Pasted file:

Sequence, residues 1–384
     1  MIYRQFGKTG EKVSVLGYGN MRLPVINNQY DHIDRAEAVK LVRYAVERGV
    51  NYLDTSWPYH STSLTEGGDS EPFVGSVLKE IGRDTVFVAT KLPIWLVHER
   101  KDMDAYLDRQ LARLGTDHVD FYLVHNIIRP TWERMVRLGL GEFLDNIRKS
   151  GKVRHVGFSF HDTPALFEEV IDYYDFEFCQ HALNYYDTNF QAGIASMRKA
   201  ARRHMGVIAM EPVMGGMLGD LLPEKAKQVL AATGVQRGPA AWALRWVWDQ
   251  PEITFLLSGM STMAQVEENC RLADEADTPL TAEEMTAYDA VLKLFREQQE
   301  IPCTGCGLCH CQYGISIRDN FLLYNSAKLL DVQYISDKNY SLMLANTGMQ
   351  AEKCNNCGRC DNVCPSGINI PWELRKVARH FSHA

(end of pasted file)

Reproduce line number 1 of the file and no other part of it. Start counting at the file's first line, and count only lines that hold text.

Sequence, residues 1–384